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Echo Park Project Foes Take Battle to Court

April 18, 1985|LARRY GORDON | Times Staff Writer

Neighborhood opponents of a proposed 45-unit apartment building on Morton Avenue in the Echo Park district took their battle to court this week in an effort to scale down the project sharply.

Superior Court Judge John Cole has set a hearing for May 24 on the neighborhood group's request that the city revoke the project's building permit. The judge, however, refused to issue a temporary restraining order against construction, although he indicated the builder would proceed at his own risk.

The court action Wendesday came a day after the Los Angeles City Board of Zoning Appeals, in a 2-1 vote, agreed that the city erred in issuing a building permit for the project, which opponents say violates the density allowed under the Community Plan for the Silver Lake-Echo Park area. However, three votes were needed to revoke the project's building permit, and two board members were absent. And, with the 75-day appeals period now over, the developer's case was, in effect, upheld.

Testimony of Residents

About 25 residents attended the zoning hearing Tuesday, and many of them testified that the building would clog the narrow, hillside area with traffic, add students to already crowded schools and start a process of unwanted intensive development in the area that borders Elysian Park.

"They're not saying don't build," Barbara Blinderman, the attorney representing residents near the project, summarizing the appeal, told the board. "They're making a very simple request. They're saying, follow the laws you set down by requiring conformity with the Community Plan."

The guidelines of the Community Plan would allow only 12 apartments on the site, even though current zoning would allow the 45 proposed.

The building permit for the project at 1850 Morton Ave., near the intersection of Echo Park Avenue, was issued in October. But the developer, Morton Park Associates of Studio City, was ordered to stop work in December after the City Council passed a moratorium on any construction violating the neighborhood's Community Plan.

Hardship Clause Appeal

The builder then appealed on a hardship clause to the city's Building and Safety Commission, which ruled last month that the permit should be restored because so much work had been done and liabilities incurred.

However, that commission said construction should not resume until the zoning appeals board heard a parallel appeal from area residents that the original permit should not have been issued at all. So far, three houses have been demolished, some grading work done and footings for retaining walls built.

Meanwhile, in January, Judge Cole ruled that the city, as required by state law, had to start to bring its 1948 zoning code into conformity with its more restrictive General Plan, adopted neighborhood by neighborhood. On April 2, the City Council voted, with some qualifications, to begin enforcing the plan until rezoning is complete.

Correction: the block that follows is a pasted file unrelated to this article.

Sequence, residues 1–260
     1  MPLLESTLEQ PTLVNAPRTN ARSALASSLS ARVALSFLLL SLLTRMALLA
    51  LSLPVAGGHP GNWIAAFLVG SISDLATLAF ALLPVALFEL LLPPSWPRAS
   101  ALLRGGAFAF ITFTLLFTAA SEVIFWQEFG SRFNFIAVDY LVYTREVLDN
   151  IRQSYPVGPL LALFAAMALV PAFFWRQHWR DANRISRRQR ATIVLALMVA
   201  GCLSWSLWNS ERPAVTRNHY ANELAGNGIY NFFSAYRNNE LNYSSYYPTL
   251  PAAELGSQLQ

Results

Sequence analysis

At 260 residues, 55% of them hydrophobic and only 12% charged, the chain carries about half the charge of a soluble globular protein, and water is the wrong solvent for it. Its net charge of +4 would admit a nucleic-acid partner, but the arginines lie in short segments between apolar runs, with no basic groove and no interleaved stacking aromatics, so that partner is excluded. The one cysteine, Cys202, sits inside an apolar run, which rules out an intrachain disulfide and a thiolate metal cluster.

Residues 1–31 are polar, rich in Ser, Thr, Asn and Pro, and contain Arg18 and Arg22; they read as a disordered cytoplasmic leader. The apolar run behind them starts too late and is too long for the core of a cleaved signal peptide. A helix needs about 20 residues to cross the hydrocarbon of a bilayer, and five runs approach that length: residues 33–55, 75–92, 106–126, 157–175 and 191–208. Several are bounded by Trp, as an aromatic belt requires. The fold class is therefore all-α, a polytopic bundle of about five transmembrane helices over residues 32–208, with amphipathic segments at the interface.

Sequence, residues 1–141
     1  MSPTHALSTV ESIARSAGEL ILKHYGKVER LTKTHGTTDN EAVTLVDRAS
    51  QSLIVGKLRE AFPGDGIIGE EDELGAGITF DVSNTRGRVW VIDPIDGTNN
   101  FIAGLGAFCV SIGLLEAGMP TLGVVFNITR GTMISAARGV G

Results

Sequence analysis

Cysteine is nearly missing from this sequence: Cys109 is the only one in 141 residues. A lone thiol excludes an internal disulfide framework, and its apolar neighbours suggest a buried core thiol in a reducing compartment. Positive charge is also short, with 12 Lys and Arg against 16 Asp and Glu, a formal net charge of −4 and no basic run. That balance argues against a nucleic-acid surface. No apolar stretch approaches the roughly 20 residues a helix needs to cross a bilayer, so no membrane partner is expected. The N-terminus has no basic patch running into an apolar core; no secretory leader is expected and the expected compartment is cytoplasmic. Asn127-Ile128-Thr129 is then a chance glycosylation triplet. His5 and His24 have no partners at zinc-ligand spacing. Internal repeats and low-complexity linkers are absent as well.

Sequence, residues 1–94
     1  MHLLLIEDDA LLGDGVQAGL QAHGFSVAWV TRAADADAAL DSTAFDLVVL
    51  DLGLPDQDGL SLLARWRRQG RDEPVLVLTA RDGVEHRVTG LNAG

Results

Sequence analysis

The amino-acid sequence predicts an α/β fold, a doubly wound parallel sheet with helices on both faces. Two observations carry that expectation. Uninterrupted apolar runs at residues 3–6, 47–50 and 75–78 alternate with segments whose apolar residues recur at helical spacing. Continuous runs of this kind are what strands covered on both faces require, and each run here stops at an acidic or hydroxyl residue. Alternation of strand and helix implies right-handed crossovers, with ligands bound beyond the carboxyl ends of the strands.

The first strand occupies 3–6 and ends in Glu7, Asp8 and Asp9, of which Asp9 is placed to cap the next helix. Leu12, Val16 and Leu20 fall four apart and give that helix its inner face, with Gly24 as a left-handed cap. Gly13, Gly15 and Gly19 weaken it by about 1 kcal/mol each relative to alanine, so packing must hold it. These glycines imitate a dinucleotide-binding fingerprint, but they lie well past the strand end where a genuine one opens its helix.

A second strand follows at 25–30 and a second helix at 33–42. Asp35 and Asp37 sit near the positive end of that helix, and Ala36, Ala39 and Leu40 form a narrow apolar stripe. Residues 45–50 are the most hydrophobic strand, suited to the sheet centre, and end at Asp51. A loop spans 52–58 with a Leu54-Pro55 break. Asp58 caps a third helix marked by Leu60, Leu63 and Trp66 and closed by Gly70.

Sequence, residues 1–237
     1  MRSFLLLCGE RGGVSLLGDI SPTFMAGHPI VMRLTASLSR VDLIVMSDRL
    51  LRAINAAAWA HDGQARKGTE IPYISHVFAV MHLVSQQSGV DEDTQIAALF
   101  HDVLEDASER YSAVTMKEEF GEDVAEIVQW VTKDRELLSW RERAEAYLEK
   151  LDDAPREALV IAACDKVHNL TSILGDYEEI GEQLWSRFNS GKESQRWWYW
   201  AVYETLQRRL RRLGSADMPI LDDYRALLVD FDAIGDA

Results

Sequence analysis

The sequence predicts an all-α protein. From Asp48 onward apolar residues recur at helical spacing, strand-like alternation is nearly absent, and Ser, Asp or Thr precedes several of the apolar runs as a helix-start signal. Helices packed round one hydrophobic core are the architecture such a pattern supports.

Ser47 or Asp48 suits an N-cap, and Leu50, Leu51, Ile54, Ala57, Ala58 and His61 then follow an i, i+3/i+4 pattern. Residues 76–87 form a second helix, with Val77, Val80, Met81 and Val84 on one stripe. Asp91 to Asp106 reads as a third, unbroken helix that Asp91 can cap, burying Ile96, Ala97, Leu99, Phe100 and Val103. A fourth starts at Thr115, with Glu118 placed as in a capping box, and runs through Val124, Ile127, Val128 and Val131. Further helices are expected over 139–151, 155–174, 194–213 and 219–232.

However, Assistant City Atty. Anthony Alperin argued Tuesday that the permit for the Morton Avenue building was valid because, even though the city is in the process of changing its zoning, the permit was issued before the council approved the neighborhood moratorium or the citywide policy change.

'Bite the Bullet'

Two zoning board members, John Mack and vice chairman James Leewong, disagreed. "I believe this body simply just has to bite the bullet . . . and begin to uphold the intent and spirit of the community plan," said Mack. Leewong said he suspected that the developer was aware of moratorium proposals and had been trying to get his project in the door before it was slammed shut.

In contrast, board member Jospeh Mandel said that, although he sympathized with the neighborhood residents, he would "with considerable reluctance" have to follow the advice of the city attorney's office and vote that the permit was valid.

Chairman Nikolas Patsaouras and member Ilene Olansky were absent, making it impossible for neighborhood protesters to garner the third vote they needed.

Alan Cooper, attorney for the developer, could have agreed to extend the appeals period and have another vote taken. But he declined, saying that the matter appeared headed for court no matter what the decision of the zoning board. The builder is considering now whether or not to resume construction in the period before the court hearing, Cooper said.

The issue has become such a rallying point in the neighborhood that both candidates in June's runoff for the 13th District council seat made a point of having their opposition to the apartment building known to the zoning board. Incumbent Peggy Stevenson sent an aide to read a statement denouncing the size of the building; challenger Michael Woo made a similar statement in person.

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